Setting up a new practice can be challenging, and that is no different with a dermatology practice. Regardless of where you are in your career, whether it be straight out of residency or several years later it can still be a challenge. Our goal at Practice Advisors 360 is to offer you tips to help you understand the various activities involved and the most critical steps in the process as well the costs. Setting up your own practice involves many steps and decisions, but it’s best to group them into several broad categories: 1) organization; 2) finances; 3) staff and resources; 4) quality of care and outcomes; 5) compliance.

One of the biggest setbacks to starting your own dermatologic practice is obviously the start-up costs. The actual costs can vary greatly. Some of these differences are in relation to local economic factors like the leasing office space and wage rates that vary by location, while others can be more influenced by the “style” or type of practice you want to lead. For example, a medical dermatology practice will have less start-up costs than a cosmetic, procedural or surgically based derm practice simply because it needs less equipment and tools. Community competition, income goals, work hours and marketing expenses can also affect your costs. So as you can see there is a lot of different factors to consider,

There are some expenses that many tend to overlook. This includes the cost of capital – how the practice is going to be paid for. Another issue that comes with starting a practice is the lack of initial revenue. This is a huge contrast to joining an existing practice where they already have an established client base and insurance contracts in place that provide an immediate stream of revenue. By starting a new practice this means that you will have to develop an ongoing patient flow and prepare for delayed reimbursement issues from third-party payers. Although these issues can become a significant obstacle to initial success, they can be overcome eventually.

Some of these factors may produce a drain in your finances, and eventually lead your to borrow from a bank in order to meet ongoing overhead expenses such as office rent, employee salaries and benefits, and medical supplies. The reality of starting a new practice is that nothing is for certain, particularly when it comes to cash flow. What complicates the issue even more in comparison to other new businesses, is the existence and fluctuation of third-party payers, particularly issues such as a delay or denial in payment combined with varying discount rates, which can significantly lower the amount you expect to get paid. Paying salaries and overhead costs can quickly deplete your cash reserve, which might turn into a negative balance and nothing to cover expenses with.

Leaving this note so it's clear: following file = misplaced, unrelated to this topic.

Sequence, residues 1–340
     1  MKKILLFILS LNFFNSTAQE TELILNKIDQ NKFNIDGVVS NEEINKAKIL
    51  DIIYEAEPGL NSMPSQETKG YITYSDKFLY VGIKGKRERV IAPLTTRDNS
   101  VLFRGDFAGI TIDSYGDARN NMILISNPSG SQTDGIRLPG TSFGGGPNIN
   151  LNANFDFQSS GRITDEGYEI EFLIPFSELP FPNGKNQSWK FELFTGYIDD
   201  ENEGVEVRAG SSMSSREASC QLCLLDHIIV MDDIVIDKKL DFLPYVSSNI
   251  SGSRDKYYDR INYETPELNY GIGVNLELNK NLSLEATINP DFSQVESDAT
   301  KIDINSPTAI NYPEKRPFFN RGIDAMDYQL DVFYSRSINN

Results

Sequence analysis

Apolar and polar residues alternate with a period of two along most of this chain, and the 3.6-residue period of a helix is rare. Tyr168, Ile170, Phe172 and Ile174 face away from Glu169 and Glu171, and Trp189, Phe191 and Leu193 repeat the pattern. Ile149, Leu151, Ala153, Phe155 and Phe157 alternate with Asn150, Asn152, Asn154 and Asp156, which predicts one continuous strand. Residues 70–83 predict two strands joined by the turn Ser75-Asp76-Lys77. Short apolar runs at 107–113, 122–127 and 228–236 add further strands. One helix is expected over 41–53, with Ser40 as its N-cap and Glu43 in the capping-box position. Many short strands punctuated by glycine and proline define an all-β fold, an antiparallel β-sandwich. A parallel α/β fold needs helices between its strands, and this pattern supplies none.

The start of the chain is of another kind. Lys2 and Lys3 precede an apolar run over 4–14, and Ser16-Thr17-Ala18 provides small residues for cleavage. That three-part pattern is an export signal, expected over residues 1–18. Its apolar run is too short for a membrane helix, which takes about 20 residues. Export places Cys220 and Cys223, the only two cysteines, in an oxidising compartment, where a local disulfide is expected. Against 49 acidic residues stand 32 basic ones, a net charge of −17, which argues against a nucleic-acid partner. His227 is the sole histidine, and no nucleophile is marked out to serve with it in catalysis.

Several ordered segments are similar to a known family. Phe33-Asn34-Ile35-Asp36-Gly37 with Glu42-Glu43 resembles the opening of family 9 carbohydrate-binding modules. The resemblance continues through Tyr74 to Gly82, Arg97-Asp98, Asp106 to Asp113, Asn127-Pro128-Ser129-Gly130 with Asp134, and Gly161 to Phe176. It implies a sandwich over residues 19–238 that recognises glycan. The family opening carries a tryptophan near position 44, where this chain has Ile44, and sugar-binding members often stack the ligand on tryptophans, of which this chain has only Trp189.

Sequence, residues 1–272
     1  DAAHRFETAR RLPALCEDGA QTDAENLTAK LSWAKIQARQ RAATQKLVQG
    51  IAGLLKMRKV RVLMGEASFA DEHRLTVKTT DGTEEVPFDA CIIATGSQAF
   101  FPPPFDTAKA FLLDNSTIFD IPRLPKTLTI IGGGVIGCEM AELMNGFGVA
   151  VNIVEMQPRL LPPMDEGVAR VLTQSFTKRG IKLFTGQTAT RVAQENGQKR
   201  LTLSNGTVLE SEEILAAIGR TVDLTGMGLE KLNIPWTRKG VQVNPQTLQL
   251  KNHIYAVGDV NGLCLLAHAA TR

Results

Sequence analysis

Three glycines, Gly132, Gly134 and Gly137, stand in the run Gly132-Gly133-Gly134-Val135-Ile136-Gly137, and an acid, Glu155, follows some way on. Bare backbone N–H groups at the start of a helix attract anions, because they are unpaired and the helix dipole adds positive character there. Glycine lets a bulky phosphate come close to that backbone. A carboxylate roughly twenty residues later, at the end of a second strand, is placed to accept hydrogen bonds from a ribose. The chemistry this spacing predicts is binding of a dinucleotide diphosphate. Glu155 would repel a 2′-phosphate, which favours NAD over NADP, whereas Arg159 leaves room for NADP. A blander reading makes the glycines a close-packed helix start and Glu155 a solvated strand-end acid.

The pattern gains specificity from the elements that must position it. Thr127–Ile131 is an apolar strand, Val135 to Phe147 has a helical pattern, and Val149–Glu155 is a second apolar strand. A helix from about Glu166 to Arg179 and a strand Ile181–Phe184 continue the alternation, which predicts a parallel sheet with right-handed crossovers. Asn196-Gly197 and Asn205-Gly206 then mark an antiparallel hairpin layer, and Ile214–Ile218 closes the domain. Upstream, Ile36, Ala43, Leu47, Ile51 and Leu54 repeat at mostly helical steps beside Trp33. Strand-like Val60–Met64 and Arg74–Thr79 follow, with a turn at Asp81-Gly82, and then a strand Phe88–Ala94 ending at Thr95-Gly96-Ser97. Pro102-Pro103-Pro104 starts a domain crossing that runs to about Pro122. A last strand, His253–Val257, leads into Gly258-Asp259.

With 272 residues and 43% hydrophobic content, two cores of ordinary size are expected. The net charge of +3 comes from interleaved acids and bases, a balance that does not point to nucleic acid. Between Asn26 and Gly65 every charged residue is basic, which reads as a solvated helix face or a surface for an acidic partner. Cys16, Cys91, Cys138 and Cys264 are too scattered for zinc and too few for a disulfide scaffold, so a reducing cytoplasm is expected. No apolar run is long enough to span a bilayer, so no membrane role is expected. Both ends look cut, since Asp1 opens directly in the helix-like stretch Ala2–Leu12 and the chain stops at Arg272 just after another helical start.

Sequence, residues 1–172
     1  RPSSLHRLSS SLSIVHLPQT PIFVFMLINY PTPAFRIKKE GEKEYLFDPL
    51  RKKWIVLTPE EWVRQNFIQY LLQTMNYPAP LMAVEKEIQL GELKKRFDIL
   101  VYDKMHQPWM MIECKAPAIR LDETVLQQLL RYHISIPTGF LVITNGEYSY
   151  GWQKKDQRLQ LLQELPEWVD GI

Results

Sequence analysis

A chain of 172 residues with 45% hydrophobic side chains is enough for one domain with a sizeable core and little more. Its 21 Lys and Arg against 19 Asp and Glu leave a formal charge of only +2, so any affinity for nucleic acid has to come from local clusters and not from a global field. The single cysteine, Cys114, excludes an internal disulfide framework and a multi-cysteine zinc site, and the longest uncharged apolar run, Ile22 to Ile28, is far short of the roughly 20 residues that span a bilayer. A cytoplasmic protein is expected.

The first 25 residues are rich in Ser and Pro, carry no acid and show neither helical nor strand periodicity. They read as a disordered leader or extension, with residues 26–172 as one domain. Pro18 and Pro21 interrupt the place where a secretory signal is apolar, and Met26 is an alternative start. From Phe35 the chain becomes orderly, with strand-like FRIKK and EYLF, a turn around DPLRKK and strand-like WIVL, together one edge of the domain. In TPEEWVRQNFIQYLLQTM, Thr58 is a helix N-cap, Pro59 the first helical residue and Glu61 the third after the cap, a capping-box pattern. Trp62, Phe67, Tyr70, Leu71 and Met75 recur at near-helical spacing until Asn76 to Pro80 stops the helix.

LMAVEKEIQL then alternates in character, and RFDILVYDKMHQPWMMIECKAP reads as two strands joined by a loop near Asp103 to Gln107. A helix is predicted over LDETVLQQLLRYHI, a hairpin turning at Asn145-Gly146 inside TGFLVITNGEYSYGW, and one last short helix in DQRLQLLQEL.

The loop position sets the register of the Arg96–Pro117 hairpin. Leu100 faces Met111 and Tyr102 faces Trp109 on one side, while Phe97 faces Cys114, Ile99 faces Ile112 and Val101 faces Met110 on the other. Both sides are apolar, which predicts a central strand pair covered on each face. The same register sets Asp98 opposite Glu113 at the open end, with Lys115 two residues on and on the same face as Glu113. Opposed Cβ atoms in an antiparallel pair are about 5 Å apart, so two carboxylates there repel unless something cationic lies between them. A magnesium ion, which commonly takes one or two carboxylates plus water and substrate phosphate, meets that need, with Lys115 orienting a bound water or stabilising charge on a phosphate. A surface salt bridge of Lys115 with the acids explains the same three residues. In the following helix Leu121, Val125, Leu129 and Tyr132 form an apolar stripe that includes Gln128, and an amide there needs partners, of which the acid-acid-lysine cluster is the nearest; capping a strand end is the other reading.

Predicting cash flow when starting out a practice is typically an estimated guess, but it can still help you budget your financial goals. Then, if you’re not meeting your financial goals, you can make adjustments.

Building a new practice takes time and consideration of the finances and expenses involved. While undergoing a new business venture such as starting a new practice, stressors are high, but it has been done many times. Now this endeavor is usually done best alone. You might consider going into this with another partner (or several) to help with the initial start up costs. While this might seem like a good idea up front, it can be a challenge to have enough revenue to support both of you especially if it is a start-up practice.

If you are someone who prefers to work in a group practice, then it may be better to join an existing practice – this can also alleviate several of the above concerns regarding cash flow. The biggest benefit of joining an existing practice is the steady patient flow and guaranteed salary. There is also decreased financial risk.

Regardless of what path you choose to take after residency, you will want to make sure that it is the right one for you and not a rash decision. This shouldn’t be based on the need to pay off your large medical school debt, meeting financial obligations, or for a security blanket. When thinking of the “right path,” consider not only financial factors, but also other valuable aspects of life such as personal time, family and location. You will also want to consider the environment and ambiance of the practice as well as the mentality and mindset of the other doctors, particularly if you are considering a buy-in option. Determine the strengths and weaknesses of the practice, learn its history and gauge if you share similar priorities with the other physicians in the group.

Regardless of what decision you make, there are endless options – make sure you’ve done your research and determine what best fits you! Trying out both options to see what works is an increasingly popular choice many graduating dermatologists are looking into.

Now that you have read some basic tips and things to consider you are ready to purchase a practice. After you have found a place that meets your needs you will still need to make on offer, secure financing, sign the practice sale agreement and lease, and complete the purchase.  As you can see a lot of important factors go into this decision. Make sure you are being properly advised. Practice Advisors 360 is the nation’s leading dental advisory company. Contact us today at (844) 360-8360 or visit us online at